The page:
[Daily article] June 3: The Demi-Virgin

The Demi-Virgin is a three-act play written by Avery Hopwood (pictured).
Producer Albert H. Woods staged it on Broadway, where it was one of the
most successful plays of the 1921–22 season. The play is a bedroom
farce about former couple Gloria Graham and Wally Deane, both movie
actors, whose marriage was so brief that the press speculated about
whether Gloria was still a virgin. Because it contained suggestive
dialog and the female cast wore revealing clothes, the production was
considered highly risqué at the time. The script alluded to a
contemporary scandal involving actor Fatty Arbuckle, and one scene
featured actresses stripping as part of a card game. Reviewers generally
panned the play as unfunny and vulgar. A magistrate ruled the play was
obscene, and obscenity charges were brought against Woods, but a grand
jury declined to indict him. Woods promoted the controversy to increase
ticket sales. The play had no long-term literary impact and was never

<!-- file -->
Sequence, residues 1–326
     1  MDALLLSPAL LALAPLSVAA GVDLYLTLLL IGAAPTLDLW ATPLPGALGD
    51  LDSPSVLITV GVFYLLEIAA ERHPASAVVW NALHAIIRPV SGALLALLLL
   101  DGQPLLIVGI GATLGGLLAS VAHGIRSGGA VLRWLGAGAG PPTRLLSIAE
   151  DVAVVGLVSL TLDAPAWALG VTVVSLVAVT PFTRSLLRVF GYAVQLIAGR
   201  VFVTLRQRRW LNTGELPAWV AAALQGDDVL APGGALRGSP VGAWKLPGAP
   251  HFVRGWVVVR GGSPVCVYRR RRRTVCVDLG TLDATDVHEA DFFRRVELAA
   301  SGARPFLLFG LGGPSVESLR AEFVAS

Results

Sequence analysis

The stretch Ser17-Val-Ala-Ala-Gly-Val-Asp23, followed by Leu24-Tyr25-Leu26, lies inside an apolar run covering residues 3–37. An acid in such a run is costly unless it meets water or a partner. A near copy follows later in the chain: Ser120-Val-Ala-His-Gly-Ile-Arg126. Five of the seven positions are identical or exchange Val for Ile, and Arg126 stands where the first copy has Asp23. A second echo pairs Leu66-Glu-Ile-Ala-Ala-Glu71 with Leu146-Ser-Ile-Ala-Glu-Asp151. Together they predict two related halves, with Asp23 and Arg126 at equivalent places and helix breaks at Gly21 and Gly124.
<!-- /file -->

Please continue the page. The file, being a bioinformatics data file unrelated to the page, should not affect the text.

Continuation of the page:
published, but it did stimulate arguments over censorship of theatrical
performances.

Read more:

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Today’s selected anniversaries:

1658:

Pope Alexander VII appointed François de Laval as vicar
apostolic of New France.

1892:

Liverpool F.C., one of England’s most successful football
clubs, was founded.

1937:

Nearly six months after Edward, Duke of Windsor, abdicated the
British throne, he married American socialite Wallis Simpson in a
private ceremony near Tours, France.

1942:

World War II: The Imperial Japanese Navy launched two aircraft
carrier raids on the United States Army barracks and the U.S. Navy base
at Dutch Harbor, Alaska.

1982:

An assassination attempt on Shlomo Argov, the Israeli
ambassador to the United Kingdom, failed; this was later used as
justification for the 1982 Lebanon War.

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Wiktionary’s word of the day:

bigly:
1. (now rare, modern uses nonstandard) Strongly, with great force.
2. (now rare) In a blustering or boastful manner; haughtily, pompously.

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Wikiquote quote of the day:

  We, the most powerful democracy in the world, have developed a
strong norm against talking about politics. It’s fine to talk about
politics with people you agree with. But it is rude to argue about
politics with people you disagree with. Political discourse becomes
isolated, and isolated discourse becomes more extreme. We say what our
friends want to hear, and hear very little beyond what our friends say.
 
–Lawrence Lessig

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